This salad has lots of wonderful ingredients, like peanuts, ginger, and herbs, but the headliner is the crisped-up rice. Some people make it with rice balls, but I like to make the rice cakes thinner to give the rice more surface area, which means maximum crispiness. Oh, and we top it with a sunny-side-up egg, which makes everything better. (This trick works with a pizza, a burger, meatballs, asparagus . . . yeah, pretty much everything.) —Food52
In a 9-inch cast-iron skillet, heat the oil over medium-high heat to 350°F. (Use a deep-fry thermometer or test the oil by dropping in a grain of rice; if it sizzles immediately but isn’t burning, you’re good.)
While the oil is heating, make the rice cakes: Put the ½ cup flour in a shallow dish. In a large bowl, whisk together 1 egg, the chili paste, and the remaining 1 tablespoon flour. Add the rice and mix with your hands. Form the mixture into 8 patties 3 inches wide and 1 inch thick. Dredge the patties in the flour and set on a plate.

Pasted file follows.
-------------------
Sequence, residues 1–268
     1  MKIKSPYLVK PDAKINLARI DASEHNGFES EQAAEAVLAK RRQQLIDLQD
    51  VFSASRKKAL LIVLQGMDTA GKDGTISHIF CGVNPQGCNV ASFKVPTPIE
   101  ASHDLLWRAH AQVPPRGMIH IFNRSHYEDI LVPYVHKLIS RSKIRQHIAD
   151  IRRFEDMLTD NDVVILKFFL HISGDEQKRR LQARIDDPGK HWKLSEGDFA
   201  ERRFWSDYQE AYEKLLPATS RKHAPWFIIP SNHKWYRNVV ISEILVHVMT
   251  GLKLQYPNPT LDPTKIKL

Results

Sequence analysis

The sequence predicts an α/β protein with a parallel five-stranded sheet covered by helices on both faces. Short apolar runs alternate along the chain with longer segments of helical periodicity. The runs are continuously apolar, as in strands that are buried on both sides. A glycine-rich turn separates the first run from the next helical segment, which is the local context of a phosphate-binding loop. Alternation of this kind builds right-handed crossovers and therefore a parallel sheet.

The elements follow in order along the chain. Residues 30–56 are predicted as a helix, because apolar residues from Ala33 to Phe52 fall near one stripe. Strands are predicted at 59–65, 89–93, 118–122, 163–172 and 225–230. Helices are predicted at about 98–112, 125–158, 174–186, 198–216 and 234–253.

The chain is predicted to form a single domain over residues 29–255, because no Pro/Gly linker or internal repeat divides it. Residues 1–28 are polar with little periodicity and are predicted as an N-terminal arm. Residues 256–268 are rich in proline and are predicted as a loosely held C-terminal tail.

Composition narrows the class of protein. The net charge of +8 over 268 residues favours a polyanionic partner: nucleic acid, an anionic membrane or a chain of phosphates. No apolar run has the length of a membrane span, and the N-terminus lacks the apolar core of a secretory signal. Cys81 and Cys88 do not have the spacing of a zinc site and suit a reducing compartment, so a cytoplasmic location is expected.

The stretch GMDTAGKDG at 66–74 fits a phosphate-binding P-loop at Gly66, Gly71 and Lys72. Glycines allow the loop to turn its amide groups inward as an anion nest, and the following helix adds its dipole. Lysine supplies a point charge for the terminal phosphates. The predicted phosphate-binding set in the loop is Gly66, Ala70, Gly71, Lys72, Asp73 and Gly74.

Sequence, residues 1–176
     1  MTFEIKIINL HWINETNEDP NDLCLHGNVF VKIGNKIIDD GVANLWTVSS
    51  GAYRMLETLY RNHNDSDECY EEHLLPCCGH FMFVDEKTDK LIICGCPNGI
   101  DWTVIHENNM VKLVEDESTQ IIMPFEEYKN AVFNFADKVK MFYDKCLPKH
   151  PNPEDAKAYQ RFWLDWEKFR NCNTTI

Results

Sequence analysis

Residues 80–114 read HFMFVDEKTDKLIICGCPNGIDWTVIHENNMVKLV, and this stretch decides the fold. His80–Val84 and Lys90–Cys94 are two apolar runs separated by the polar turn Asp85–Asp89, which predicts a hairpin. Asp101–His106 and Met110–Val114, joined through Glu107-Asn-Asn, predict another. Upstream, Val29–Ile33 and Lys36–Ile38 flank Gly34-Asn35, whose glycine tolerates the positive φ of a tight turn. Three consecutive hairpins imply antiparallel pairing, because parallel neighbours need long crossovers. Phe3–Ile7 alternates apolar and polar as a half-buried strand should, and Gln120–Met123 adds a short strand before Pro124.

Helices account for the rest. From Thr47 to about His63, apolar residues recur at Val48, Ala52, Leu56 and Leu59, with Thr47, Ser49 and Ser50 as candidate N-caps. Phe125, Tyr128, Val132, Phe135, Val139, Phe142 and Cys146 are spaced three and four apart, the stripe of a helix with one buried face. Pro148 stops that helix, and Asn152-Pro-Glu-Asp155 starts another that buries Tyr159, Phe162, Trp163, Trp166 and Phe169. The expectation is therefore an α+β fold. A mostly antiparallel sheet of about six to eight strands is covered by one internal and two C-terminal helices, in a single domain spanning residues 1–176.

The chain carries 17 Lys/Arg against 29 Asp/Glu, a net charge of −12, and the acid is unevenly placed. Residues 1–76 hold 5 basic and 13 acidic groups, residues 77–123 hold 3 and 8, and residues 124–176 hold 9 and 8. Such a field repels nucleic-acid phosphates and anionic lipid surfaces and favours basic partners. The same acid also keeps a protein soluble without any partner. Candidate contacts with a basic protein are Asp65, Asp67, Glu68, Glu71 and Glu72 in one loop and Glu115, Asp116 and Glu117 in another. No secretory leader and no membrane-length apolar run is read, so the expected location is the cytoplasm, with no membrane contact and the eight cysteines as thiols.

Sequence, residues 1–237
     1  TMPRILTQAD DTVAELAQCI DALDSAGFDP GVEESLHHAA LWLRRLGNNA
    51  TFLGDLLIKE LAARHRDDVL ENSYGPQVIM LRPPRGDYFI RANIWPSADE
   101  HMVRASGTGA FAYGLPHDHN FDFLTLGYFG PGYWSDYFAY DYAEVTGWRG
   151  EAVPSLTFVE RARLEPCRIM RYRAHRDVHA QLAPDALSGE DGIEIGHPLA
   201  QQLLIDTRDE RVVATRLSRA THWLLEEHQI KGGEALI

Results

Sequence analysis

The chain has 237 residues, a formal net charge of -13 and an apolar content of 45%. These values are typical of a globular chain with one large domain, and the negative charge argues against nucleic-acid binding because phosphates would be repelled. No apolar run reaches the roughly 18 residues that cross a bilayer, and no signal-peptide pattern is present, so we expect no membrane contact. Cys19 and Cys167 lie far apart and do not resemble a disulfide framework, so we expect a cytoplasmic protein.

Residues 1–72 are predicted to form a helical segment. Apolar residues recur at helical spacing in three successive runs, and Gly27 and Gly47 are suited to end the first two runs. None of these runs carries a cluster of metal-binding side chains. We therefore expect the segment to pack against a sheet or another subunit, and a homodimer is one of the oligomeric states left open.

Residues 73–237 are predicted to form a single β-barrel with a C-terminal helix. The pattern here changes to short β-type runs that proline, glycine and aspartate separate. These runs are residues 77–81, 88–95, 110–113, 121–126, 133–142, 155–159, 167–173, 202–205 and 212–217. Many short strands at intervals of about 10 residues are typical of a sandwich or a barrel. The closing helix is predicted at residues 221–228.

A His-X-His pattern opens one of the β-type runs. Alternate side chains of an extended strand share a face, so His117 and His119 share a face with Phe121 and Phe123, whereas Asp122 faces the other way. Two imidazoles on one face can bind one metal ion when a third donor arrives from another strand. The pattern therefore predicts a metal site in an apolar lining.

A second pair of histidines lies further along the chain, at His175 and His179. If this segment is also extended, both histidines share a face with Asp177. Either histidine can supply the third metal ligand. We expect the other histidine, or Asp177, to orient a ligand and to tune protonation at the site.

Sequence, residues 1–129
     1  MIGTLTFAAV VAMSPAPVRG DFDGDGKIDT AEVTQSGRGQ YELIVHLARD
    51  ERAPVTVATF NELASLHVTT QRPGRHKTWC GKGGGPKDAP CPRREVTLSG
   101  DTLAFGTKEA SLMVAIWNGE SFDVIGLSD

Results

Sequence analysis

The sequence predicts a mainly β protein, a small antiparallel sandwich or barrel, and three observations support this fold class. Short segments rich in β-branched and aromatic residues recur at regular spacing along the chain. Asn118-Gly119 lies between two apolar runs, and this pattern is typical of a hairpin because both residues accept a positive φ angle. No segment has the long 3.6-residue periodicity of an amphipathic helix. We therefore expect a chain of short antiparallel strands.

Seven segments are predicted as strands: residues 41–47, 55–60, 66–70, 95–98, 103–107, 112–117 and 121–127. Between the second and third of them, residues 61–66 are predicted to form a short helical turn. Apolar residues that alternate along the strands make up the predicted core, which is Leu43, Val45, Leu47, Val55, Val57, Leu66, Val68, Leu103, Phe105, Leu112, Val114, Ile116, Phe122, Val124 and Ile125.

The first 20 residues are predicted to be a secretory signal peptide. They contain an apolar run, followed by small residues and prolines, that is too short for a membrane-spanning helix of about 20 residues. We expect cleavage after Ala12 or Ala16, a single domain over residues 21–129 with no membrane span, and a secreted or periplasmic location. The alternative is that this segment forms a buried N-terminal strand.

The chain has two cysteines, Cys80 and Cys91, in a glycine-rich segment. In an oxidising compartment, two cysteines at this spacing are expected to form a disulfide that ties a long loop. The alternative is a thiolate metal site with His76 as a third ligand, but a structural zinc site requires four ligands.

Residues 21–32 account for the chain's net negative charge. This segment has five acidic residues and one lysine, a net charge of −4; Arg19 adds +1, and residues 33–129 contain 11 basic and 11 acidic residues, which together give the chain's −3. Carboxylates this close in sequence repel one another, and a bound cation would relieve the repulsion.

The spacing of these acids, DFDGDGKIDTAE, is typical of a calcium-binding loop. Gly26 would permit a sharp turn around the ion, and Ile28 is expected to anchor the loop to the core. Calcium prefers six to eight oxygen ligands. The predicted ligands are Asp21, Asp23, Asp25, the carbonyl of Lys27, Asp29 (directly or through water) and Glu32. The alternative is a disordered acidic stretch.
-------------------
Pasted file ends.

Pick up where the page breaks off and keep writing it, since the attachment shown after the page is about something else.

Fry the dried chiles and peanuts in the oil just enough to darken them slightly, being careful not to burn them, 1 to 2 minutes. Remove with a slotted spoon and drain on paper towels; set aside for garnish.
Working in two batches, use a Chinese spider or slotted spoon to gently lower the rice cakes into the oil and fry them until crispy and golden brown, flipping halfway, about 5 minutes per side. Remove the cakes from the oil and allow them to cool on paper towels.
In a small bowl, whisk together the lime juice, fish sauce, sugar, and chile powder until the sugar is dissolved.
Using your hands, crumble up the crispy rice cakes into different sizes into a bowl. Add the cilantro, mint, scallions, shallots, and ginger.
Take a bit of the frying oil and heat it up in a separate skillet, then fry 4 eggs sunny-side-up style.
Toss the salad with the dressing, divide the salad among four plates, and top each plate with a sunny-side-up egg. Garnish with the fried peanuts and chiles.
Tip: For homemade Thai chile powder, buy dried Thai chiles (available at Thai markets) or dried serrano or árbol chiles (available at Mexican markets) and grind them up in a spice grinder or with a mortar and pestle until fine. It lasts indefinitely in a sealed container at room temp.
*If you’re making fresh rice for this recipe, DON’T rinse the rice before cooking; the starch is your friend and will help the rice cakes stick together.